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Can You Bring Shampoo on Planes?

By Oscar Brumelis


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In hand luggage, liquid shampoo is restricted to 3.4 oz (100 ml) bottles or smaller. If you’re carrying a larger shampoo bottle, it won’t be allowed, even half-full. All liquids in hand luggage also must be packed in a clear, resealable, 1-quart-sized bag.

Can You Bring Shampoo on Planes?

Liquid shampoo is restricted to such small quantities because it’s considered a security threat by the TSA. Their scanners can’t distinguish between safe and unsafe, potentially flammable liquids.

The only exception is medically necessary shampoo. If you have a prescription for it, then TSA allows bringing larger quantities of it in your hand baggage. But you should only bring the amount required for your trip and not much more. In this case, you can explain to the TSA officer your condition and show them the prescription.

In checked bags, these restrictions don’t apply – liquid shampoo is allowed in any size or quantity.

Rules for Traveling With Other Types of Shampoo

Dry Shampoo

Dry shampoo has almost identical rules to liquid shampoo because all aerosols contain liquid. But because it’s flammable, it has additional quantity restrictions for checked baggage.

In checked bags, each passenger can bring dry shampoo up to 500 ml (17 fl oz) in size. And in total, each passenger can have up to 2 liters (68 fl oz) of aerosols in their baggage.

Powder Shampoo

Powder shampoo is allowed in hand and checked baggage in any quantity or size. But if it’s above 350 g (12 oz) and it’s packed in hand luggage, it has to be placed in a separate bin for screening. If possible, you should pack powder shampoo above 350 g (12 oz) in checked baggage, especially when flying internationally.

Shampoo Bars

Shampoo bars are treated as a solid, so they have no quantity or size restrictions in hand or checked baggage.

Traveling With Shampoo Internationally

Generally, the rules for packing liquid shampoo in luggage are identical across the world. There are exceptions for domestic flights in  Australia and New Zealand and flights departing from a few airports in the UK and the US.

On these flights, liquid shampoo isn’t restricted to small quantities in hand baggage. That’s because the airports are fitted with modern scanners, which can scan liquids in larger quantities.

Another thing to remember is that large powder shampoo containers over 350 g (12 oz) are banned from hand luggage in some countries. So when traveling internationally, larger power shampoo containers should only be stored in checked bags.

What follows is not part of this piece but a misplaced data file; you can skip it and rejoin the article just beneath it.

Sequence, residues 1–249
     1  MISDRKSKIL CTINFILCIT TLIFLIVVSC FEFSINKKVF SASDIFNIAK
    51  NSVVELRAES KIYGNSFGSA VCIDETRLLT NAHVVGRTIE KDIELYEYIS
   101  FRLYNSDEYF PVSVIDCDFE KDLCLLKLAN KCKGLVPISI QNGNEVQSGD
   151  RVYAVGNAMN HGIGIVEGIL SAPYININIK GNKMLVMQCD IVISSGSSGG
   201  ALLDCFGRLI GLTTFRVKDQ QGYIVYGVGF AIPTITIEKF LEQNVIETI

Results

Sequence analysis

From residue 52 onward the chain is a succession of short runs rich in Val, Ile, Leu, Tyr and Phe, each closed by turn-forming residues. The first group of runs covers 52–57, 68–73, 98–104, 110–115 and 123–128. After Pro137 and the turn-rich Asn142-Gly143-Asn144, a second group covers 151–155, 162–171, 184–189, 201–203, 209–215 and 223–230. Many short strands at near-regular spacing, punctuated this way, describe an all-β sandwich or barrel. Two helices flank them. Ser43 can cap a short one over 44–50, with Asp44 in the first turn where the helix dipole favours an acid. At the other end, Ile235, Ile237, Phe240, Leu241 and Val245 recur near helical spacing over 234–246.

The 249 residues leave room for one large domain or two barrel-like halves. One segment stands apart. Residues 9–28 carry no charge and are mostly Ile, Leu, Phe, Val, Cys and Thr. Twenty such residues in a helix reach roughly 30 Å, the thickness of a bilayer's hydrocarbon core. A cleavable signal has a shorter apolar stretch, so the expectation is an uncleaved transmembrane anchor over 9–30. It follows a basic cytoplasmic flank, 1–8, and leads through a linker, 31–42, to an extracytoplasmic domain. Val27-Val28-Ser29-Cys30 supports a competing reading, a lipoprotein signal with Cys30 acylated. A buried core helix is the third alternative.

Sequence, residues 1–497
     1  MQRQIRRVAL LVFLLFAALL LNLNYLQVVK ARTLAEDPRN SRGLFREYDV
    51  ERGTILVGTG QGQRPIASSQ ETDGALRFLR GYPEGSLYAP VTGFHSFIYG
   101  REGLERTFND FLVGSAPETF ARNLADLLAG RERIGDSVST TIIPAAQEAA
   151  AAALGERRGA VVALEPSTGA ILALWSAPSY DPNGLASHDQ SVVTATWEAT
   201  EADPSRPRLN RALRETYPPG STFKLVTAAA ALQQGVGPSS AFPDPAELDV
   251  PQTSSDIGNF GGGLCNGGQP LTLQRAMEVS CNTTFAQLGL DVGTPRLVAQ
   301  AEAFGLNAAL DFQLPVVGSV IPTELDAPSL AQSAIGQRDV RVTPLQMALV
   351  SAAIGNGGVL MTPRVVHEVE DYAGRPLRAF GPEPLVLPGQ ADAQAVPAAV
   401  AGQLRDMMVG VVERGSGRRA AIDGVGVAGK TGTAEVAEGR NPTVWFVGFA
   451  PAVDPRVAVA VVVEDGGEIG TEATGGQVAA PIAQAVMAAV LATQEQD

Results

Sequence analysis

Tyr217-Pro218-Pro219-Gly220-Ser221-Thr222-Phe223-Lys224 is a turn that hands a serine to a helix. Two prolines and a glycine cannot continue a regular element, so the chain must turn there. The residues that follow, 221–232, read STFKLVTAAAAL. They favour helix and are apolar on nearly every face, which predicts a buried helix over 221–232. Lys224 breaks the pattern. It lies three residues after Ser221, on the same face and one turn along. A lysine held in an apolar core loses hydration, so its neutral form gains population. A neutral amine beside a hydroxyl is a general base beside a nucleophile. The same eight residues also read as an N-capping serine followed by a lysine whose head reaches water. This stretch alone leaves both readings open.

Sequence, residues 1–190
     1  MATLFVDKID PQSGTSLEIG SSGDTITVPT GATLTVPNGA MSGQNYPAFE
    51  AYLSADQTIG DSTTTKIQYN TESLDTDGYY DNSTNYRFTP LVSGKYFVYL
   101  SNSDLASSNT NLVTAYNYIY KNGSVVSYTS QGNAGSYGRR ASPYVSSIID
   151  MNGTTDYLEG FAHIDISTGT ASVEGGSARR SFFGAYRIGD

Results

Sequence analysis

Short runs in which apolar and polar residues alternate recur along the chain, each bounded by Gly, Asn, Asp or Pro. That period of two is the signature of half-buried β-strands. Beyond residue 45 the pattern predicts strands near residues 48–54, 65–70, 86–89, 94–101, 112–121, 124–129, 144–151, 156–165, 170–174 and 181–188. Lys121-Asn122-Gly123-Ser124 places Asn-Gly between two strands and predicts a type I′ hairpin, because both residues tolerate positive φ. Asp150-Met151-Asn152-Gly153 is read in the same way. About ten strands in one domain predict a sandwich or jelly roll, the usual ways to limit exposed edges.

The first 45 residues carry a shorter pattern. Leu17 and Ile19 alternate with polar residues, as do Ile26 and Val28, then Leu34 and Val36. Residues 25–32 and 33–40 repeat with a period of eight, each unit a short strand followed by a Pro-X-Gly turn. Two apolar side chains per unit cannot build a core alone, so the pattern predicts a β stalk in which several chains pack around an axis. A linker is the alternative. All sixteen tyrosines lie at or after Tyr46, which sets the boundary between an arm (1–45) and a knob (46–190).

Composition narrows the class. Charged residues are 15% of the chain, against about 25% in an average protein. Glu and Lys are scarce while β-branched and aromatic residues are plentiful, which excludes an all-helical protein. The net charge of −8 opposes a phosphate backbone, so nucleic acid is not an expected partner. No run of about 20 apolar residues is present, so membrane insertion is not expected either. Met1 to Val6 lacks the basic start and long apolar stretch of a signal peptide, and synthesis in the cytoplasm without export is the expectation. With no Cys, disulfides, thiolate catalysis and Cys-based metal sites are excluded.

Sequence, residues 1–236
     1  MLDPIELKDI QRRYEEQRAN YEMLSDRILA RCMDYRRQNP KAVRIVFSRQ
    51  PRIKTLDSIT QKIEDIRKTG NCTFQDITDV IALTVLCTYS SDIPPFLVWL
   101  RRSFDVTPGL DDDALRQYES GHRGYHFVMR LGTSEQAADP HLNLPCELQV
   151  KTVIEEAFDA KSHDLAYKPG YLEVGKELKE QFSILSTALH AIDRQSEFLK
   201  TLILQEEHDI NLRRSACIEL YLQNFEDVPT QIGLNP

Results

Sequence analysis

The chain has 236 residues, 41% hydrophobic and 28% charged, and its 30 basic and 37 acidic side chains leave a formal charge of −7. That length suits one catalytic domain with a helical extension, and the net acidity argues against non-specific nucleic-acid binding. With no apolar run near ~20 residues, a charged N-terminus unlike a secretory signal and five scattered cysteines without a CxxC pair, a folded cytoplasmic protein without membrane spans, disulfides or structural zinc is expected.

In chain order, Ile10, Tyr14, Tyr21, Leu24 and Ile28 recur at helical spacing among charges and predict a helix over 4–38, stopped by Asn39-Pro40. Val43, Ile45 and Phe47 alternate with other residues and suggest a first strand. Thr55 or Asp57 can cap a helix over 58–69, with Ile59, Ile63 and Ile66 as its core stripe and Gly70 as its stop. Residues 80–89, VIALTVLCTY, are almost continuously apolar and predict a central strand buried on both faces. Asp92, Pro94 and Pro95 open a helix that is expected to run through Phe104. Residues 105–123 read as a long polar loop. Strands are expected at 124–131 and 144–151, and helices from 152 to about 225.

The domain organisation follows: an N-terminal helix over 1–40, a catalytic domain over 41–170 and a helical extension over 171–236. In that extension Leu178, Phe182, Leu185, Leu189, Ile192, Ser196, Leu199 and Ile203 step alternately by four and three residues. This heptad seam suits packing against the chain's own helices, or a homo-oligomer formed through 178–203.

How to Pack Shampoo in Luggage

Shampoo bottles shouldn’t explore or burst open from pressure changes when packed in checked baggage. That’s because all modern cargo compartments on planes are pressurized. The only thing that can cause spills is damage during baggage handling.

To avoid spills, put a piece of duct tape over the lid of the shampoo bottle, essentially sealing it in place. Also, don’t place the bottle near the edges of the suitcase and wrap it in soft clothing. This will keep the bottle from accidentally being squeezed during baggage handling.

A 100 ml (3.4 oz) shampoo bottle won’t last very long, especially if used by many people. So realistically, you should pack a larger shampoo bottle in your checked bag or buy it at your destination. For shorter 1-week vacations, 100 ml bottles are more than enough, so you can bring a smaller bottle and pack it in your carry-on.

Rules for Other Hair Care Products

  • Hairspray is treated identically to dry shampoo. It’s limited to 3.4 oz (100 ml) bottles in hand luggage and 500 ml (17 fl oz) bottles in checked bags.
  • Conditioner, hair gel, and other hair pastes, clays, or lotions are all treated as liquids. If you can smear it, it’s considered a liquid, so it’s limited to small bottles in hand baggage. In checked bags, larger quantities are allowed.

Summing Up – Traveling With Shampoo

Traveling with liquid shampoo and conditioner is a bit awkward because it takes up a lot of space and you need a lot of it if you wash every day. I’ve found that a much better alternative is to use a shampoo bar or travel soap. That’s because they don’t take up a lot of space, they don’t have any packing restrictions, and they last much longer.

About Oscar Brumelis

Oscar is a freelance writer who loves traveling and hiking. He's been to over 30 different countries and hiked over 2000+ miles throughout his life.

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